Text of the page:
Just before her house went live on the real estate market this spring, Emily Morris ran the vacuum one last time and prepared to leave town for the weekend. As she stepped outside, Morris was surprised to see that a line had already formed along the sidewalk. Cars clogged the small subdivision in Allen. In the next two days, 149 real estate agents made appointments to show the 1,400-square-foot house, shuffling buyers through in 10-minute increments. By Sunday night, Morris had 70 offers. All but four said they would pay more than the list price of $150,000, by as much as $20,000.
That evening, real estate agent Kim McCarty sat at her kitchen table, entering the details of each contract into a spreadsheet. Offer amounts, closing dates, earnest money, loan guarantees. And then there were personal letters, a stack of them—from a soldier, a pregnant woman, a working mom—each one straining for the right tone, the right mix of humor, sentimentality, and obsequiousness. Prospective buyers sent pictures of themselves. Pictures of their pets. (One dog, Dr Pepper, looked plaintively at the camera, a bandanna around his neck.)
“I am on the MLS app like it’s Candy Crush,” says Michelle Chism, as she searches for homes in Plano.
McCarty knew the pleading letters would tug at her sellers, especially Emily, a stay-at-home mother who had brought both of her babies home to that house and wanted to pass it along to another young family. Her husband, Jason, a missionary, hoped to pick the offer that would get them most quickly to the closing table so they wouldn’t be carrying two mortgages. They already had purchased a 3,600-square-foot house a couple miles north, after losing out on three other places. The couple sat in McCarty’s conference room, examining the spreadsheet, debating over which offer to choose.
The North Texas real estate market has turned into a seller’s bonanza, but buyers have become frantic and frustrated. Real estate brokers are working overtime to accommodate them, but selling fewer houses because there aren’t enough to go around. Some sellers are cashing in. Others are holding onto their homes because they’ve got nowhere to go.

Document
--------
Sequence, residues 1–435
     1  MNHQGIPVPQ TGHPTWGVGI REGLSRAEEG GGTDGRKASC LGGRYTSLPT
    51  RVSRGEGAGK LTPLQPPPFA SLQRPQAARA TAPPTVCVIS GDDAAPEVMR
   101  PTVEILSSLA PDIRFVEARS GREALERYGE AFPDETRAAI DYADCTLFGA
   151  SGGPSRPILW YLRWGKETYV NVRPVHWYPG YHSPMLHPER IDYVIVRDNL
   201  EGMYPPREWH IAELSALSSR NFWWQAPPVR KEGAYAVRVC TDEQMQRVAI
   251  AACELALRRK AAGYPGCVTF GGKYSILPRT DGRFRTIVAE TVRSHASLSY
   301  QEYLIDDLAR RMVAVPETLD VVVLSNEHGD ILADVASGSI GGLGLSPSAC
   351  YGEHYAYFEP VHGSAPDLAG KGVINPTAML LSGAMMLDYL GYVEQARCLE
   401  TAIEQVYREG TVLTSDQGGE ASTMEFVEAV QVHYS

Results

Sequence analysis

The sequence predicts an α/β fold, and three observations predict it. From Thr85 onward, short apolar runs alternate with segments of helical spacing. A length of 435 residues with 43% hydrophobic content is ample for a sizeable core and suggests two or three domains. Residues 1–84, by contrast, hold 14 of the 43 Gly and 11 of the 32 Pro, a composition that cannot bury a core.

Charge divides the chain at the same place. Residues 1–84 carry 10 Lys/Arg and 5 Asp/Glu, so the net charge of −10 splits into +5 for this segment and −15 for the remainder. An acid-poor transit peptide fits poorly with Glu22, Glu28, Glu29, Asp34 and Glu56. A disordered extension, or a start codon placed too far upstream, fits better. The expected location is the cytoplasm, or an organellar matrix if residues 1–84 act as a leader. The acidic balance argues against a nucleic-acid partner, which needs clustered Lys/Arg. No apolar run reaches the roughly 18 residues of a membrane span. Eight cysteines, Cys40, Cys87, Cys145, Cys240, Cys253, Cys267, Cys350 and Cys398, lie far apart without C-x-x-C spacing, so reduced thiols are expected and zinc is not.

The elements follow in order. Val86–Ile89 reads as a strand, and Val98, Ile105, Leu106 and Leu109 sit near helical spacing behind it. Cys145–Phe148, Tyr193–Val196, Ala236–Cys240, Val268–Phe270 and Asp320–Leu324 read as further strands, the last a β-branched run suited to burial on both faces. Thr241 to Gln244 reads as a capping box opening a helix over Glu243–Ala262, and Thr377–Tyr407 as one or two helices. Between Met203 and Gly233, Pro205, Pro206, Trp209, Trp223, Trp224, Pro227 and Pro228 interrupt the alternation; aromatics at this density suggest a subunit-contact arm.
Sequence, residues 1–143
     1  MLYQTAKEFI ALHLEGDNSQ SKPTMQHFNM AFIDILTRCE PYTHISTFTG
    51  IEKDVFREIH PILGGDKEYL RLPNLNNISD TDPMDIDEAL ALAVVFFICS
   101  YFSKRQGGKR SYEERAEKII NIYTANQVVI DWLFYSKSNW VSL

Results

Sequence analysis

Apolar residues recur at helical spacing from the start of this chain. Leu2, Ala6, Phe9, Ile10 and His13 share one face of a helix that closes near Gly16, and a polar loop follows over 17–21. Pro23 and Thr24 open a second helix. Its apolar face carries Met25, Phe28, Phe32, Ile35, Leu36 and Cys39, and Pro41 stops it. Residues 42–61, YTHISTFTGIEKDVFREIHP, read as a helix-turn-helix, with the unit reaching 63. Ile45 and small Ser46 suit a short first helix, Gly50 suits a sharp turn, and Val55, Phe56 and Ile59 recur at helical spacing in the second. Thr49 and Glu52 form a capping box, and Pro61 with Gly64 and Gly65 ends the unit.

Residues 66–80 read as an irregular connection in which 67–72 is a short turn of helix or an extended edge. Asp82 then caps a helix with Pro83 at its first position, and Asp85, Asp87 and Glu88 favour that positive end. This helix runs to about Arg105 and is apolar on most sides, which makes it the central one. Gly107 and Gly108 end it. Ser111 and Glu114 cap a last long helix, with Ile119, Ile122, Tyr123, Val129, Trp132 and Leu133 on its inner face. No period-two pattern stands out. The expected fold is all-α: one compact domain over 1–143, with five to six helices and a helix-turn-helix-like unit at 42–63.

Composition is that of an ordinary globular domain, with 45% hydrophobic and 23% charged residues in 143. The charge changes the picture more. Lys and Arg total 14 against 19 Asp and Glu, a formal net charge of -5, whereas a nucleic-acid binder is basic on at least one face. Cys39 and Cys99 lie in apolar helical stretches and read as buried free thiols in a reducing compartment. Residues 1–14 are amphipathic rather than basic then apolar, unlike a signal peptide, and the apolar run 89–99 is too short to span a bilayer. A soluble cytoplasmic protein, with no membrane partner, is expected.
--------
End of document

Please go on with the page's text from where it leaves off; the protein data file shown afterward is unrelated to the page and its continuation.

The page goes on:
“This is unprecedented,” says Mark Dotzour, chief economist at the Real Estate Center at Texas A&M University. “I have never seen anything like this in the four decades I’ve been studying the markets.”
Across the region, there’s a historically low number of homes for sale. The undersupply, coupled with strong demand, is pushing up prices. North Texas leads the country in home price gains this year, rising 8.6 percent in February compared to last year. That was about twice the national rate of 4.2 percent, according to the Standard & Poor’s/Case-Shiller Home Price Index. The market might be spiking too high, though. A recent report by Fitch Ratings says homes in Dallas are overvalued by 11 percent; in Fort Worth, it’s 9 percent. The situation is most pronounced at the lower end of the market, for prices below $300,000. But the market for higher-end homes is also hot in many neighborhoods. For brokers, it can be tough to convey to new clients just how nuts the market is.